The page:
Sometime back in the dim and distant past I became aware of what exactly the endgame entailed for most players and I embarked on a quest to get into one of my guilds raiding teams. Although I was rapidly picking up gear from heroics and buying my T9 gear with my Triumph emblems I was still vastly under geared for any of the content that the teams were running and so was unlikely to even be added as a bench member. Fortunately for me the guild leader of the time was putting together a 4th team and so I signed my name up and waited for some raiding action to appear in my calendar. A week later – and with no sign of any raids – I checked on the guild forums to find that without a leader to organise things the members of the team that had so far been assembled weren’t likely to be going anywhere.
Not one to shirk responsibility I volunteered my services to act as a leader until a better person was found. I figured that all I had to do was put events in the calendar and make sure 10 people turned up in one place at one time. It couldn’t be that hard right? The others in the group would know how the fights worked right? and I could go watch videos. It’d all be peachy.
I remember the first few months being pretty rocky. I rapidly found that some people did not share my enthusiasm for getting places quickly. Some nights were incredibly frustrating; the ones where a member, or worse – members, didn’t show being the worst. Nothing feels quite as bad as scrabbling around to find a replacement before the group began to blame you for the nights failure to raid. In hindsight I think that they were more likely cursing the missing member/s than me but at the time even I was accusing myself of ineptitude. I should have made better plans, I should have extra people, I should have…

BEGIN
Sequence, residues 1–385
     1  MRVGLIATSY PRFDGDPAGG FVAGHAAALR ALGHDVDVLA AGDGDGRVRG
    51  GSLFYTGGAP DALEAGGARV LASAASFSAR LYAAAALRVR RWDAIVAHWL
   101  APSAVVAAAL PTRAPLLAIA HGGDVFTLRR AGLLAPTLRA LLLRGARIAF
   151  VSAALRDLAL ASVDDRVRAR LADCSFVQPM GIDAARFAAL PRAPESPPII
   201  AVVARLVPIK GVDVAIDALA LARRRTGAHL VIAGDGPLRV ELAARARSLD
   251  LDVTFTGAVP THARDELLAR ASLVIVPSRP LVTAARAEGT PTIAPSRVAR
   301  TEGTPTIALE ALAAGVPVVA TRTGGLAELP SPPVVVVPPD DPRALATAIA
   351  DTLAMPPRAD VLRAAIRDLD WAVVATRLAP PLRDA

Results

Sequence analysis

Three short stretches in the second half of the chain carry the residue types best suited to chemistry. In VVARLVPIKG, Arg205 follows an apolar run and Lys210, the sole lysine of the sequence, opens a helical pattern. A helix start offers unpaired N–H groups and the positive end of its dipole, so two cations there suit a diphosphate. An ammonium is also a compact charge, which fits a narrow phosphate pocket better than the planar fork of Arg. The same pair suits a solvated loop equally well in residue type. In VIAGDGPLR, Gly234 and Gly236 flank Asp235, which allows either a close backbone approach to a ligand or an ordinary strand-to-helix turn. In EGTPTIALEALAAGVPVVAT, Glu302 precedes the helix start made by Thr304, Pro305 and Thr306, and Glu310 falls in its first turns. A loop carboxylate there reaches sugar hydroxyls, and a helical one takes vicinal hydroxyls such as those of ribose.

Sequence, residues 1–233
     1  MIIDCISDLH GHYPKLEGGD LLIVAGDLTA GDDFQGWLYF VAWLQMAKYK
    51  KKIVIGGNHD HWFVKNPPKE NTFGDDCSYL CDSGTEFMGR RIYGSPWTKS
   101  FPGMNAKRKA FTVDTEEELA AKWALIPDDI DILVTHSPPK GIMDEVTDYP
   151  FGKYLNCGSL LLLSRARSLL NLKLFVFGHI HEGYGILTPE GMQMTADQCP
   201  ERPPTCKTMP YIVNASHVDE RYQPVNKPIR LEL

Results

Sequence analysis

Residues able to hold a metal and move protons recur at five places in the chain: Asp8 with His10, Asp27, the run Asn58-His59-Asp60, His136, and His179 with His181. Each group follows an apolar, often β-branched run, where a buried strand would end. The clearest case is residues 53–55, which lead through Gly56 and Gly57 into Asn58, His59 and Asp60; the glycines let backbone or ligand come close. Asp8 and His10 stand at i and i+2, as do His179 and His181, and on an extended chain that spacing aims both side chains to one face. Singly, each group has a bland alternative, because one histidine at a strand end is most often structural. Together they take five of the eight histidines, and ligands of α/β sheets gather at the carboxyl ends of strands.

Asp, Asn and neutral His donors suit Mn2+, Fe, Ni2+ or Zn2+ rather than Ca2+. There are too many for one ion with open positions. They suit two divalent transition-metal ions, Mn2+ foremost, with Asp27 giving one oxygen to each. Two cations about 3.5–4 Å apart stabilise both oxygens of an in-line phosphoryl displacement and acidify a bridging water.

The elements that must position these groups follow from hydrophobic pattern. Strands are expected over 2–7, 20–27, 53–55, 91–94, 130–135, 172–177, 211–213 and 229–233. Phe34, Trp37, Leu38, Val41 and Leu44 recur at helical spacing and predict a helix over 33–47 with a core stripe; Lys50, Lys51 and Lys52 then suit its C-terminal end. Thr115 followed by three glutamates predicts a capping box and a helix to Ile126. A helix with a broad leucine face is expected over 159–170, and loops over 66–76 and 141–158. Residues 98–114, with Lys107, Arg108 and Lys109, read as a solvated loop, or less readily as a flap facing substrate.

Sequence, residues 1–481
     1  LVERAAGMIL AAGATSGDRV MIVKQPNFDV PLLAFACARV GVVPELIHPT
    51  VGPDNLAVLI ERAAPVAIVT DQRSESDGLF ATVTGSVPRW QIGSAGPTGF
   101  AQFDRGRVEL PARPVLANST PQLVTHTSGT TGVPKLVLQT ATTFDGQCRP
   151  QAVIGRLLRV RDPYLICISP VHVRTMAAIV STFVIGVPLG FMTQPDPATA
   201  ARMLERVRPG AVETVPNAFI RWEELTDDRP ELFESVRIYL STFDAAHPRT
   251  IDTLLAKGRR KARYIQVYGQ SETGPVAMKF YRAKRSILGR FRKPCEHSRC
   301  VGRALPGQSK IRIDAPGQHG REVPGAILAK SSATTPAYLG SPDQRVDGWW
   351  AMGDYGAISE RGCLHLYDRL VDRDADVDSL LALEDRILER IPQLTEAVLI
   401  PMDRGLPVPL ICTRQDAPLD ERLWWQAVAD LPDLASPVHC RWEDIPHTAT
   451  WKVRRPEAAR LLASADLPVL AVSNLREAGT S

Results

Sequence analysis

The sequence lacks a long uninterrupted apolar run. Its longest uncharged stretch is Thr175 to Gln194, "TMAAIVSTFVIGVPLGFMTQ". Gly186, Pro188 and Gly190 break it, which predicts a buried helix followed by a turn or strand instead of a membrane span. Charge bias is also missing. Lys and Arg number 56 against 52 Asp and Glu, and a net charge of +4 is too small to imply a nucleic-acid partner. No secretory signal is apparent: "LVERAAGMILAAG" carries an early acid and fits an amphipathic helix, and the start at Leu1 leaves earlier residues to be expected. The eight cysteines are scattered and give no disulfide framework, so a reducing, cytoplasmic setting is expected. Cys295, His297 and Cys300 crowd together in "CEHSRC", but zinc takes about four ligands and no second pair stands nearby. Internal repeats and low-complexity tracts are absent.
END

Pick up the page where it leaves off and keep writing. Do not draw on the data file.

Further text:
Even once the team was all present there was never a guarantee that the night would go smoothly – turning up is one thing, but having watched the strategy video’s or read the wowwiki entries? You’d get lousy odds at the bookies that all 9 people had done these things. I found then that raid leading is not just putting events in the calendar, it is so many other things and I had to learn them all. I had to learn the fights from every roles point of view. I needed to know what the tanks, healers, melee and ranged had to do and what they had to look out for. During the fights I had to look out for these things and remind people what they should and shouldn’t be doing and I had to do all this whilst fulfilling my own role. I found it tough, really tough and I was praying that a more adept person would be found to take on the role.
That person never did show up – though I think that maybe I’ve taken up some of the traits that I’d always attributed to them. Those month’s of constantly questioning my own ability to do the seemingly simple task of organising and running a raid are long over. At some point I came to realise that it was not my fault when people don’t turn up or know what they’re doing and that the only solution is to replace them. I’ve had to become a little hard nosed about the whole thing and sometimes it bothers me that I don’t give people more of an opportunity to improve but then it occurs to me that 8 others (9 if you count me) will appreciate being able to do what they signed up for.